I think it's a "Catch 22" and vicious cycle. Being concerned about "slipping up" is valid. But guess what? Teachers have the same problem. Develop good habits, focus on teaching and learning, don't get consumed by fear--particularly where students are concerned. Figure out your expectations of yourself and, as long as they are at least as high as everyone else's, you'll be okay. You get better by doing things. If you are constantly worrying, you'll get better at worrying. The only behavior you can truly control in the classroom is your own. Get your expectations of yourself lined up and focus on meeting them.

broomrider 01-14-2019 12:03 PM

subs ARE treated differently than teachers (or perhaps for the state of education in general, fortunately--if this is everyday in classrooms we are doomed.)

I was a team teacher and when my partner was absent, the students were qualitatively different even though only half of the dynamic changed. She assured me the same happened when I was gone.

For teachers, most subs are an unknown--their experience, level of teaching skill, and knowledge of subject. I and others often leave review materials and seldom ask subs to introduce new materials--out of self defense. I often needed 2-3 hours to prep for a sub, running off materials, labeling and stacking, pulling out manipulatives (not to mention clearing off my desk!)

I do think throwing the work away in front of you was bad. Both for your morale and for the students' if they were present. Teaching students that the work guided by a sub will be tossed gives permission for students acting out and not working for subs. I always marked and returned the papers led by a sub for exactly that reason whether or not they were recorded. It also suggests to you that the work you are asked to lead isn't valuable. Even as crowd control, it's valuable.

As far as classroom management is concerned, it's a work in progress for ALL new people in any classroom. My first classroom subbing experiences were BAD and this was in the 1980s! You will learn the teacher look (I think shooting lightning out of my eyes), the standing near the trouble makers, the hmmm what can I use as a carrot for this class, etc. I don't think it's a sin to ask administration for help when a few students make the classroom impossible. I've done it and been invited back. The students are often well known to the principal.

You are likely not aware that the Obama administration sent out a letter saying they were looking for civil rights violations in suspensions and expulsions of students of color which intimidated many administrators at the school and district level into doing nothing about behavior. Still, many building administrators will remove students from class at least temporarily which can let you get the rest under control and working. And the feds are looking at rescinding that policy.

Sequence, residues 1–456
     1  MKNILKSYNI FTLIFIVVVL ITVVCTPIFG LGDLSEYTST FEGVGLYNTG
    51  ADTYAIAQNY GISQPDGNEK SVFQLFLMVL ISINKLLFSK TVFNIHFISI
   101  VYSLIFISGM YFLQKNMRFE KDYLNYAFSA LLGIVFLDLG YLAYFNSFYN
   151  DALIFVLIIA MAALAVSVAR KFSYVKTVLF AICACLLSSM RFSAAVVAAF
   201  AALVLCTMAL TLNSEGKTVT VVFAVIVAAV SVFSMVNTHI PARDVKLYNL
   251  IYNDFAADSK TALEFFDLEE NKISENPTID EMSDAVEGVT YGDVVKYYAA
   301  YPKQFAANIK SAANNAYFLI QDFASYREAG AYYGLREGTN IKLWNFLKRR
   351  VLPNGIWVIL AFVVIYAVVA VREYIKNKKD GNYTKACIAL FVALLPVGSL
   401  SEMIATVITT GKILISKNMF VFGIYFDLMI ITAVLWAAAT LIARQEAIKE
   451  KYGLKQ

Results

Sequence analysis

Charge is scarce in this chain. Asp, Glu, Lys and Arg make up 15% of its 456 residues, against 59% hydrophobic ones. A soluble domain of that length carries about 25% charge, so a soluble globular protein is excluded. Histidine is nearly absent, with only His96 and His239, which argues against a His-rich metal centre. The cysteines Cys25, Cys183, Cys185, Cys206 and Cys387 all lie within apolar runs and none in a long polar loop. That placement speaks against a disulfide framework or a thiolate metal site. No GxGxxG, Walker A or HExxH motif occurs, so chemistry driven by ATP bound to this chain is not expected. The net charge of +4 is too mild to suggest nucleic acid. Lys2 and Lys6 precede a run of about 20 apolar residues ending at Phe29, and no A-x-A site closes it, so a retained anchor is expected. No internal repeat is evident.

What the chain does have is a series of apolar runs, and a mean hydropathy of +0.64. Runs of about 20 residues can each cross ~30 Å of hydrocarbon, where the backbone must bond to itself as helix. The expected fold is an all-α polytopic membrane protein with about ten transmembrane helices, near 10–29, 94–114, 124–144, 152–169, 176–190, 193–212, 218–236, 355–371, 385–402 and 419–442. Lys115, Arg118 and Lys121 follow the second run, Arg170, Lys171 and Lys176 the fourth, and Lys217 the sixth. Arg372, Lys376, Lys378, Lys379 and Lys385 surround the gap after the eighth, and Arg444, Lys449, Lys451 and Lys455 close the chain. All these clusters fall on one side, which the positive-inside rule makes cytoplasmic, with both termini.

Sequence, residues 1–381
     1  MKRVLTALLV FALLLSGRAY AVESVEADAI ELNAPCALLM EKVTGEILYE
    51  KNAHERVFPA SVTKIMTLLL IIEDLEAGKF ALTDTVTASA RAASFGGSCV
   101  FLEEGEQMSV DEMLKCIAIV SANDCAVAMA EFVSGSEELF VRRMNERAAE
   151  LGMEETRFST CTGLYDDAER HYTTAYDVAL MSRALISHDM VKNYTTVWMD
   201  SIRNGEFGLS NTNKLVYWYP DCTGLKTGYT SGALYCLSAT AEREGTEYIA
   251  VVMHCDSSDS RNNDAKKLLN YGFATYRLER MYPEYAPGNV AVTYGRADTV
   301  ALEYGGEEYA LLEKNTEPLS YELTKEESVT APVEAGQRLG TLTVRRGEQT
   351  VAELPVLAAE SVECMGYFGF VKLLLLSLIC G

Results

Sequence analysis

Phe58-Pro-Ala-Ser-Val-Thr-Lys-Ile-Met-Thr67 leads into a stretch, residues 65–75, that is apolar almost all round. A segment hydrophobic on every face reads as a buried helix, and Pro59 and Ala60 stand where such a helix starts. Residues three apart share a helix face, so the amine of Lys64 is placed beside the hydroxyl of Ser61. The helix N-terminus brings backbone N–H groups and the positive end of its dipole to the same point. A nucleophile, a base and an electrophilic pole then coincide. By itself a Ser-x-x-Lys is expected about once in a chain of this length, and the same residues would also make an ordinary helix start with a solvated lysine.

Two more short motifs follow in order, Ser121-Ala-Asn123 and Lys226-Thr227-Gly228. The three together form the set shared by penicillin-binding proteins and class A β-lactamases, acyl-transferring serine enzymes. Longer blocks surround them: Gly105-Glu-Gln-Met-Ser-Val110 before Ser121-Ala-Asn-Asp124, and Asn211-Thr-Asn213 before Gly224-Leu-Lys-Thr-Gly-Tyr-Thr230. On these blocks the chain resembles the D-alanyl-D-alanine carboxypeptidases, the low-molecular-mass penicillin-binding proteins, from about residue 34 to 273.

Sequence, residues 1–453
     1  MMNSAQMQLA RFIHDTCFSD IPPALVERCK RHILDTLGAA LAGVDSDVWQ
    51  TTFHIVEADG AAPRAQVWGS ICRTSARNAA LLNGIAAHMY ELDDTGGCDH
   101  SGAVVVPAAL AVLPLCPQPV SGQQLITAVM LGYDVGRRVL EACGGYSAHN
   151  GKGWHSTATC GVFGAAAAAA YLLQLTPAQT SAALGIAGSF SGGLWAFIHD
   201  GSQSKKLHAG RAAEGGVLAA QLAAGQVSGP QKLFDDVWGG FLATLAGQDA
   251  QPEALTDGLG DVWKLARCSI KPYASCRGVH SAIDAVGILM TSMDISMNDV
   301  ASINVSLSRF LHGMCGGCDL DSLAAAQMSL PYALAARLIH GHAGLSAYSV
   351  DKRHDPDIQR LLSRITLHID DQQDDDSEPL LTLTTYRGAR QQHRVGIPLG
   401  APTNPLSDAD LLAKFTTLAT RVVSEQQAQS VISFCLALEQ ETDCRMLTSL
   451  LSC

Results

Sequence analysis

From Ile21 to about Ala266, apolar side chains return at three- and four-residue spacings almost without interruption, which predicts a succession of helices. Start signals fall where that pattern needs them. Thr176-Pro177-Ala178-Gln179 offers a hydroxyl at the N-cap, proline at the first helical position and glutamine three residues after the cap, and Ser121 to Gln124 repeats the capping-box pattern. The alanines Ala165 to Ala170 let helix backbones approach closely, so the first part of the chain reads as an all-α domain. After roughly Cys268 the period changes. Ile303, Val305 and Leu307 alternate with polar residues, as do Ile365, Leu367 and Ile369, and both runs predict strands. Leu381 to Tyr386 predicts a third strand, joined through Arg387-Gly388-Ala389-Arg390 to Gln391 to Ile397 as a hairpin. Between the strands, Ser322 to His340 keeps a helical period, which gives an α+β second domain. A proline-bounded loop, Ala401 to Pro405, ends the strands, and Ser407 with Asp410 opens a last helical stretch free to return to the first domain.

I expect that as you sub more in your district(s) you will make a couple of lists for yourself, a YES list, a likely list, and a NEVER UNLESS I'M STARVING list. Schools are different, classrooms are different. Find the ones you enjoy or at least can abide. Given that so many schools are begging for subs, as your lists grows you may well be able to have more control over your own work life.

A reminder that secretaries are often wonderful people to have on your side. They are asked for recommendation of subs by teachers, they can provide good information on students, they often are doing the assigning of subs. Always greet and appreciate secretaries. :p

cassie23 01-23-2019 06:43 PM

Might just try again
Sirsubalot, I wish I had read this post before I subbed in a MS classroom a month ago. I vowed then and there never to do it again. It was two days of agony for me as I watched kids in a "targeted learning" classroom (which was really a study hall) during which time they were allowed to be on their phones per the classroom teacher's permission. Most of them did NOTHING productive, unless you consider laughing, taking pictures of each other, and watching you tube videos to be productive, which I do not. I roved around the room a few times, trying to get students engaged in some kind of study activity only to be met with rudeness and resistance. I have high expectations for myself as a sub and believe I should be able to keep all students quiet and engaged but I am very new to subbing and see by your post that this expectation is probably not going to allow me to be successful at this level.

I plan to print out your reply and use your advice if I ever feel brave enough to try subbing in MS again. Clearly I have a lot to learn and I appreciate you sharing the wisdom that has come from your experience.